Hair loss is usually a problem for adults but, sometimes, young people can also be affected; it can be a sign of trouble. Some reasons for hair loss in youngsters can include disease, poor nutrition, and harsh medical treatments like chemotherapy or hair-damaging hairstyles (braids).
Unfortunately, hair loss can impose great stress on many people.
Most persons lose from 50 to 100 scalp hairs daily; these hairs generally re-grow out of the same follicle, unless there’s a problem. Talk to your doctor about your hair loss problem.
Of the 80 million persons undergoing hair loss and scalp problems, one-half to two-thirds are women; women experience more depression than men (viewing it less as “natural”) in regards to hair loss. In fact, in a study on hair loss, 29% of women felt scared, 47% embarrassed, 28% paranoid, and 15% unattractive.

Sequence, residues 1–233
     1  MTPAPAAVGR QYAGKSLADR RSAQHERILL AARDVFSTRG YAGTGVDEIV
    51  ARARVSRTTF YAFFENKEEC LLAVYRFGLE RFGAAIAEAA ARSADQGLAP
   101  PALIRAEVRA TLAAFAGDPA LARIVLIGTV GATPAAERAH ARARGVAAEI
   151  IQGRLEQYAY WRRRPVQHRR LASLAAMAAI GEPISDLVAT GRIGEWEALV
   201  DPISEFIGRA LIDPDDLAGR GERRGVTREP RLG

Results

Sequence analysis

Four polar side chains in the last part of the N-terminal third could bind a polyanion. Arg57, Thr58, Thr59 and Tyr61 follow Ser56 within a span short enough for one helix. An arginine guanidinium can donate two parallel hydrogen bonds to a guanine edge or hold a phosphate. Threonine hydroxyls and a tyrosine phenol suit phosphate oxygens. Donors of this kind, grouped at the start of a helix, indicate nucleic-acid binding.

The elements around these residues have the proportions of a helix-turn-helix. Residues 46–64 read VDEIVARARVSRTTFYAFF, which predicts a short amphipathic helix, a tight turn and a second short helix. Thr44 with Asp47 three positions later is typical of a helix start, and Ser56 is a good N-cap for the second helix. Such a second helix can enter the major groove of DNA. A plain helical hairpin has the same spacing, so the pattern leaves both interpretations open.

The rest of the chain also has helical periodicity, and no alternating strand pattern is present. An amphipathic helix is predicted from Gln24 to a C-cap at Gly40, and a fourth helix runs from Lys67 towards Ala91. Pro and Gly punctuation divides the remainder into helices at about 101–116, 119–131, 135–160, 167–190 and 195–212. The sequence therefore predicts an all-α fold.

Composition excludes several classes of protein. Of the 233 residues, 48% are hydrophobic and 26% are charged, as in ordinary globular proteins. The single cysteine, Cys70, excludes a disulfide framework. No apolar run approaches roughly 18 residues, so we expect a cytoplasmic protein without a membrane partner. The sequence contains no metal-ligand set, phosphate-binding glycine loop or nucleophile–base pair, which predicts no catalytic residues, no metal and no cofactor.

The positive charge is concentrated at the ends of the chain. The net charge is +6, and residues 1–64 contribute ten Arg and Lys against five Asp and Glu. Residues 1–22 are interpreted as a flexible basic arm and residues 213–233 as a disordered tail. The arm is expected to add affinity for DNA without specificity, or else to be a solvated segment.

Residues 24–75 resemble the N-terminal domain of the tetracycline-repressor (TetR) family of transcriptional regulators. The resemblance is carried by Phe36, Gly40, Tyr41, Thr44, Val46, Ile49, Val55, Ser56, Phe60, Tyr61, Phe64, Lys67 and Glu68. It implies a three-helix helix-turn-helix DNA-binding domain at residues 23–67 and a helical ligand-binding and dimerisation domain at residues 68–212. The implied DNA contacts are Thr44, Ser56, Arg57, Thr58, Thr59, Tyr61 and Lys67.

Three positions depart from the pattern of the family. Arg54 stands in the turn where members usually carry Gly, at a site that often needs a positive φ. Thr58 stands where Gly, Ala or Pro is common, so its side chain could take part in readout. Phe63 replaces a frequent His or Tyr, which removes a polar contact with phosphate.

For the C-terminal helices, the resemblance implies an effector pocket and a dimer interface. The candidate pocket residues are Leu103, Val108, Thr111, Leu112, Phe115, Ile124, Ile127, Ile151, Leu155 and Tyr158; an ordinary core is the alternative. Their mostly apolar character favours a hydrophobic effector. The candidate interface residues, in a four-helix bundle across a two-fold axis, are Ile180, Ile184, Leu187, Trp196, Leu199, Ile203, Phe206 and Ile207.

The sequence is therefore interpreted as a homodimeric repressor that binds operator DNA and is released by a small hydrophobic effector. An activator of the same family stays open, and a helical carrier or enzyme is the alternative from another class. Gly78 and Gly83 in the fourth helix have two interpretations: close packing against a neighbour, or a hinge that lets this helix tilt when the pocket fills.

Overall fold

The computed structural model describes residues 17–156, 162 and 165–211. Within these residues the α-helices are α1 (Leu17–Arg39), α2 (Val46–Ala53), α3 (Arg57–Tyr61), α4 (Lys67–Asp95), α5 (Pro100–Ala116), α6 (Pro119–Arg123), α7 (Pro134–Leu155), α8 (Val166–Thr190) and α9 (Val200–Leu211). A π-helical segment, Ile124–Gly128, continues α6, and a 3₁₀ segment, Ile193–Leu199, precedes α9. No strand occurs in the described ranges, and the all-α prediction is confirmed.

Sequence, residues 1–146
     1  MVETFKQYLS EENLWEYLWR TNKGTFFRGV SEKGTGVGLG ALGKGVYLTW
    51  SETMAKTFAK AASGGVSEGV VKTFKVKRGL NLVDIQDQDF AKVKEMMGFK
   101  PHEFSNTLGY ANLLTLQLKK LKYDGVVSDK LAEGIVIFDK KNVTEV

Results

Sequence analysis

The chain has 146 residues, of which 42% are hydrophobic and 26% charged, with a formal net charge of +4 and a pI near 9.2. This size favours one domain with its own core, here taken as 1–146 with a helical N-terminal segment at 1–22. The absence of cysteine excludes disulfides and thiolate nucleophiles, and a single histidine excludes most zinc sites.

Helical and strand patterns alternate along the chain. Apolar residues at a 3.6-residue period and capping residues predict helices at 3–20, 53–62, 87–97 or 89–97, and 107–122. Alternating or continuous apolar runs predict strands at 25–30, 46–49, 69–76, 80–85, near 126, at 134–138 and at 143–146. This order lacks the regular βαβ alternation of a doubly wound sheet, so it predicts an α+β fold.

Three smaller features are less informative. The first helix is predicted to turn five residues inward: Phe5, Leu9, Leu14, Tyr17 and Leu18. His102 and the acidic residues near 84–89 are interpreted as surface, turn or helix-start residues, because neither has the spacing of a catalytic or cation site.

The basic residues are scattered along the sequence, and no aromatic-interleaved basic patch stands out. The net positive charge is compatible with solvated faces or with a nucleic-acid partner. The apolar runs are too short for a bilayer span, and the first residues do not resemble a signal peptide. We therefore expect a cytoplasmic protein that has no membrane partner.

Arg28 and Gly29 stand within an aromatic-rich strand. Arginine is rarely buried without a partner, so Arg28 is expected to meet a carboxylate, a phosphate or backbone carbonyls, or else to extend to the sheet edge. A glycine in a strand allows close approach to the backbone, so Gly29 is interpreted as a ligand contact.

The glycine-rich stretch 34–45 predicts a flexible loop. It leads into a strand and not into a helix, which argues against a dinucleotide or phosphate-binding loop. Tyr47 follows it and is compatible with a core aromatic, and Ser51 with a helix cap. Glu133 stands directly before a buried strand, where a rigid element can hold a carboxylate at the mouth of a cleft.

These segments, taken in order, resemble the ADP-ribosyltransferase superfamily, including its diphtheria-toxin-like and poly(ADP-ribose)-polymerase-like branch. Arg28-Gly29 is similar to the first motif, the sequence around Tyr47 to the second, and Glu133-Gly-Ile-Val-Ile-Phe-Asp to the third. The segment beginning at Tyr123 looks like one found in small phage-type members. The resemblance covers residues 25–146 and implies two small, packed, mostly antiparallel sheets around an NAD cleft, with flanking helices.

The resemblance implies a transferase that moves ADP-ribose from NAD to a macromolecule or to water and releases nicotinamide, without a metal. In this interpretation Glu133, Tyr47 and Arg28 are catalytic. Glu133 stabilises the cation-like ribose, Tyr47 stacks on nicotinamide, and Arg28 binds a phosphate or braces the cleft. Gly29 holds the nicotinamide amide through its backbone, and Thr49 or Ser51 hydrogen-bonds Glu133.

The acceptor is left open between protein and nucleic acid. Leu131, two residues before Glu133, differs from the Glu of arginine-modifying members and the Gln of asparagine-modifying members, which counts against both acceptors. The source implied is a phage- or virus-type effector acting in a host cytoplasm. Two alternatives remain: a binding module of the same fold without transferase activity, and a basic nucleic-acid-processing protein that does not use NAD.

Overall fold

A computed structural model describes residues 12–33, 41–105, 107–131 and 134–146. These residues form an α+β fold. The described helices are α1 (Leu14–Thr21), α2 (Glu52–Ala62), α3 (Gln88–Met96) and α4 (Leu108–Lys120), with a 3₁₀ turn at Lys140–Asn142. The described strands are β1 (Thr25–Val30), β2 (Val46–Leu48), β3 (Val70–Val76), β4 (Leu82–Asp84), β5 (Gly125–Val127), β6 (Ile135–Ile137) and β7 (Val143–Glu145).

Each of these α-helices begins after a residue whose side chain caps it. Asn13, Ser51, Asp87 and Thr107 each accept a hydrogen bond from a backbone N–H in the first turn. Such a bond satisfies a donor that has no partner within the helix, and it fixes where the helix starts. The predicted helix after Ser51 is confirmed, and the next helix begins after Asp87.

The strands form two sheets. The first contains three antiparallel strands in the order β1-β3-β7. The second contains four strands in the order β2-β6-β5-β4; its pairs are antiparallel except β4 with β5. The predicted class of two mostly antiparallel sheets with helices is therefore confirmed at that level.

Though men appear to be more prone to hair loss and thinning, women are just as likely to suffer problems, especially as they age. More for women than men, hair is a status symbol and closely connected with “attractiveness” (or the lack of such). But women tend to lose hair differently than men and the tell-tale signs of thinning may be somewhat different
In assessing hair loss tendencies for women, consider family history and whether there are follicles of different sizes, potential signs of female pattern hair loss.